The status of additional state funding for the Texas Department of Transportation is up in the air as the House and Senate will discuss their differences on approving a bill designed to divert money to the State Highway Fund that helps fund TxDOT.
On April 30 the House approved Senate Joint Resolution 5, which would dedicate $3 billion of revenue from the state sales and use tax to the SHF each fiscal year. However, the bill differs from the Senate’s version, approved March 4. The Senate’s version of the bill would dedicate the first $2.5 billion of motor vehicle sales tax revenue to the state’s general revenue fund and the second $2.5 billion to the SHF. The Senate declined to accept the House’s version of the bill May 4, requiring both chambers to hash out differences in a conference committee.
Economy and Small Business
Representatives discuss a bill May 5.
HB 40, a bill clarifying that the state—not local authorities—regulates oil and gas activity, was signed by Gov. Greg Abbott on May 18. It took effect immediately.
HB 931, a bill that would change how unemployment insurance benefits are allocated, was sent to Abbott on May 20. According to the bill’s analysis, current law “incentivizes unemployed individuals to remain out of work for at least four weeks because they will be paid double for the fourth week of unemployment.” The bill amends how individuals would be eligible for benefits.
Rep. Jimmie Don Aycock, R-Killeen, moved to postpone consideration of HB 1759 at a May 14 meeting at the Capitol.
At a May 14 House meeting, Rep. Jimmie Don Aycock, R-Killeen, moved to postpone consideration of HB 1759—the school finance bill he co-authored—until July 4. As a result, any school finance changes would have to come from general appropriations bill HB 1, according to Aycock’s staff.
On May 11 Gov. Greg Abbott signed SB 149 into law. The legislation will establish committees to determine if students who pass classes but fail state tests can graduate.
On May 7 the Senate passed HB 4. Filed by Rep. Dan Huberty, R-Houston, the bill aims to implement high-quality standards for prekindergarten education. In a statement, Abbott said he thinks HB 4 will help strengthen the foundation for student success. At press time he had not signed the bill.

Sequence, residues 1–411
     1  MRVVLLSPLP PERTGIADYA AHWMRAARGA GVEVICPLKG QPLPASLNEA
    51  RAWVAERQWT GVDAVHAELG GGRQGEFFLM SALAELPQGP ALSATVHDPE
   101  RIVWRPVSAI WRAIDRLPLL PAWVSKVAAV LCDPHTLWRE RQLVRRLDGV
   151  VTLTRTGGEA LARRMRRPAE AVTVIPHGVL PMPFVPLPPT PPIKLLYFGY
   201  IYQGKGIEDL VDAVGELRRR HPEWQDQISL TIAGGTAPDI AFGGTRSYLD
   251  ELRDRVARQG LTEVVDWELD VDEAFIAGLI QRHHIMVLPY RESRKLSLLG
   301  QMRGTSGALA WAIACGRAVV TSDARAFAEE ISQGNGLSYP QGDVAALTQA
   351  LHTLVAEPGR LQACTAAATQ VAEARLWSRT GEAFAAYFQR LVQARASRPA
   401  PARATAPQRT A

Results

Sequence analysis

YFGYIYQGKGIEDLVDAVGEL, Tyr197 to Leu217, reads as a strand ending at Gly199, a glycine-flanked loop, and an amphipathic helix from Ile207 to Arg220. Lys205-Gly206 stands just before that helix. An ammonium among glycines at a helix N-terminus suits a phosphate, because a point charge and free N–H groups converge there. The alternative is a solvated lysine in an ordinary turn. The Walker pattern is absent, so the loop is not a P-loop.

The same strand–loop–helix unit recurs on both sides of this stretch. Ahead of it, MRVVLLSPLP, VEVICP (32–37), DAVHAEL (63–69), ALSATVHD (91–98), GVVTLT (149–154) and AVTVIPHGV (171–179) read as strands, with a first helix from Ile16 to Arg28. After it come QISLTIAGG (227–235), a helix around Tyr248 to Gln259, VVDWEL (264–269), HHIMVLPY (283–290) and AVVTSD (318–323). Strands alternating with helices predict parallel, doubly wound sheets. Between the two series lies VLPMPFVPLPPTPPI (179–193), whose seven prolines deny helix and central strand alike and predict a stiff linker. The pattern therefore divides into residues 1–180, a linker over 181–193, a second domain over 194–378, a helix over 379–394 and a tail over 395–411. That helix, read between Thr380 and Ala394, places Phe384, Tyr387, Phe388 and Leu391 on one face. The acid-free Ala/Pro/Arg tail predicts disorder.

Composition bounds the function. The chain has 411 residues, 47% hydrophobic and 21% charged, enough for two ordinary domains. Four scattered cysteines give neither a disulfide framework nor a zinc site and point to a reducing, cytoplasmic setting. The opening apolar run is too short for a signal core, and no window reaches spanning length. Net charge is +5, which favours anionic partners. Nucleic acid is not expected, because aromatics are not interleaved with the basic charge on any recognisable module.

University presidents Bill Powers and Mark Hussey joined forces earlier in the legislative session, asking lawmakers for funding.
Many bills slated to bring various changes to higher education establishments are still waiting for passage.
SB 11, which would allow licensed concealed weapon owners to carry a firearm on public college campuses, was approved by the Senate but still has not been heard on the House floor.
SB 1819, a bill repealing current law allowing undocumented students—referred to as “Dreamers”—to pay in-state tuition rates, is waiting to be heard by the Senate. Other bills currently in limbo include those that would issue revenue bonds to help higher education institutions fund capital projects, such as new facilities, on campuses.
On May 19 the House passed SB 339, which legalizes and regulates the growth of cannabis plants high in cannabidiol and low in tetrahydrocannabinol in Texas.
Gov. Greg Abbott can veto SB 339, sign the bill or take no action.
SB 339 would allow patients access to cannabis as medicine upon the recommendation of two board-certified medical specialists. According to the bill’s analysis, cannabidiol oil has been shown to “dramatically decrease” the number of seizures in people with intractable epilepsy, or people with a higher risk of a shortened life span, bodily injury or mental health impairment. Cannabidiol oil is an extract from the cannabis plant.
As the 84th regular session of the Texas Legislature winds down, the House and Senate are coming to terms over proposed bills affecting state budget considerations including tax relief for homeowners and businesses.
On May 20 the Senate Finance Committee passed HB 32 that cuts $2.5 billion in franchise taxes, with a franchise tax rate decrease from 1 percent to 0.75 percent over the next two years. The bill raises the tax threshold for small businesses from $10 million to $20 million.
The House and Senate chambers are at odds as to how to cut taxes for residents, with the Senate touting a property tax cut and the House promoting a sales tax reduction.
The House of Representatives unanimously passed SB 20 on May 19. The bill, proposed by Sen. Jane Nelson, R-Flower Mound, increases the disclosure and reporting of state contracts.
“Texas citizens rely on state contracts to receive services they need, and we must ensure that those contracts are awarded fairly and transparently,” Nelson said.